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Middle East Resents Outside Pressure to Implement Democratic Reforms, say Experts - 2004-02-22

Months before it is officially announced, President Bush's plan to promote democracy in the Middle East has led to a spirited debate in the region's intellectual and diplomatic circles. Lebanon's foreign minister says the Arab world will not act under U.S. pressure to implement democratic reforms.

Lebanon's foreign minister, Jean Obeid, says Arab nations cannot carry out reforms to please outsiders, nor can democracy be exported ready-made to countries in the region.

Mr. Obeid made the remarks to reporters following a meeting with Egyptian President Hosni Mubarak. The foreign minister said the two leaders discussed Washington's plans to encourage Arab nations to adopt social and democratic reforms in exchange for increased economic and strategic aid, or what U.S. officials are calling the Greater Middle East Initiative.

The U.S. plan has not been finalized, but Washington officials say they will present it at a summit between major western nations in June.

A former assistant to Egypt's minister of foreign affairs and professor of international law at Cairo University, Abdullah El-Ashaal, says the Arab world does not oppose the idea of democracy.

"The area needs a deep experience of democracy," he said. "The area is in fact longing for, as it has been mentioned by President George Bush, democracy because [of] as you see, corruption, ineffectiveness, and frustration, which is the main cause of terrorism, and the no-hope future of youth in the area."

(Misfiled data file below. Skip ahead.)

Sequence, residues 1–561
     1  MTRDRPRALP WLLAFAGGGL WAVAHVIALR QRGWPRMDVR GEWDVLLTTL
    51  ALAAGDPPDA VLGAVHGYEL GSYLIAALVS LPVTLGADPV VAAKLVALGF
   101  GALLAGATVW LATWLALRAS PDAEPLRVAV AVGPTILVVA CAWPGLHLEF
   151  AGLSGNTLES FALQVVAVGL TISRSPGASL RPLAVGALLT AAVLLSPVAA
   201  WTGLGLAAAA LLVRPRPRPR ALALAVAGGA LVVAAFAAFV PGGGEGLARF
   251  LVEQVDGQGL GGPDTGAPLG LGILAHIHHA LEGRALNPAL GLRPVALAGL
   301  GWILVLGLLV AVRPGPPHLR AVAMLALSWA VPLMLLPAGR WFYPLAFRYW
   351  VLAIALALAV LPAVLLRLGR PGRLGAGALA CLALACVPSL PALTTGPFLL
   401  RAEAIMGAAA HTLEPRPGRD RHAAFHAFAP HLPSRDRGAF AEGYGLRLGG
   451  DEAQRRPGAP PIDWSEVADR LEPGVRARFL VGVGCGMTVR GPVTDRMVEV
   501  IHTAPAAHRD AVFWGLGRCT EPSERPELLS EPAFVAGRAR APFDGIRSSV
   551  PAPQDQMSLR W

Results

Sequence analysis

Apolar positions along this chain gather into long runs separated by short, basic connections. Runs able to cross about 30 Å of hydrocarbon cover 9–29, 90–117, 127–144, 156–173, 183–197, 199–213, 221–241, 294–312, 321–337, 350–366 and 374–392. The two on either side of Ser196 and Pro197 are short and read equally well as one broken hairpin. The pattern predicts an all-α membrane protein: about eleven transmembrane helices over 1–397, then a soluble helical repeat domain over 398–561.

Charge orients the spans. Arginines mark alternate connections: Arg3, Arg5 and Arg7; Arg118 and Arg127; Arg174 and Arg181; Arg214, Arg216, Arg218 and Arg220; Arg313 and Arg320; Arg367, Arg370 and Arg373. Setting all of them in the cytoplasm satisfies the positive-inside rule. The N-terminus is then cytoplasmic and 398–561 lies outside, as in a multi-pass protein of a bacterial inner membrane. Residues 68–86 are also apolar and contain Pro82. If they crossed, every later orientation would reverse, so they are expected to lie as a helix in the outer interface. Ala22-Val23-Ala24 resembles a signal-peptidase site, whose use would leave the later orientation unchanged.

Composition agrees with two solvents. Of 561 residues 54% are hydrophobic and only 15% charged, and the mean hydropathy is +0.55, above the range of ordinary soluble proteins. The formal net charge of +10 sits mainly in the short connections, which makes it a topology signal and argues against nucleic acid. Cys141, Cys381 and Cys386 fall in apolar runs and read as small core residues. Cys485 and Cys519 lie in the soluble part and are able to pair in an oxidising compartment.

But Mr. El-Ashaal says many Arab nations are resisting the U.S.-led initiative because they are unsure of American motives.

"I think we have to make in this case the distinction between the need for democracy and reform and who is going to help," explained Mr. El-Ashaal. "We here in the Arab world do not know exactly whether the United States is serious in helping the democratic forces and which kinds of democratic forces are going to be classified according to the American standards."

Some Arab leaders have said the Israeli-Palestinian conflict is the key concern as the Arab world considers implementing various types of democratic reform.

Former Arab League Secretary Esmat Abdel Meguid says the U.S. administration's support of Israel and its difficulties in advancing the so-called Roadmap for Middle East peace have damaged Washington's credibility in the region.

"How can you speak about democracy when you have these things that are happening in Palestine, and in Iraq? This is something that is very surprising to us," he said. "If [President Bush] would like to see democracy, that means equality, liberty, respect for others, then this should be applied to what is happening in Palestine."

Secretary of State Colin Powell has said Washington wants to work with nations of the Arab world, not impose policies on them. Arab leaders say they plan to discuss the American initiative next month during the Arab League summit.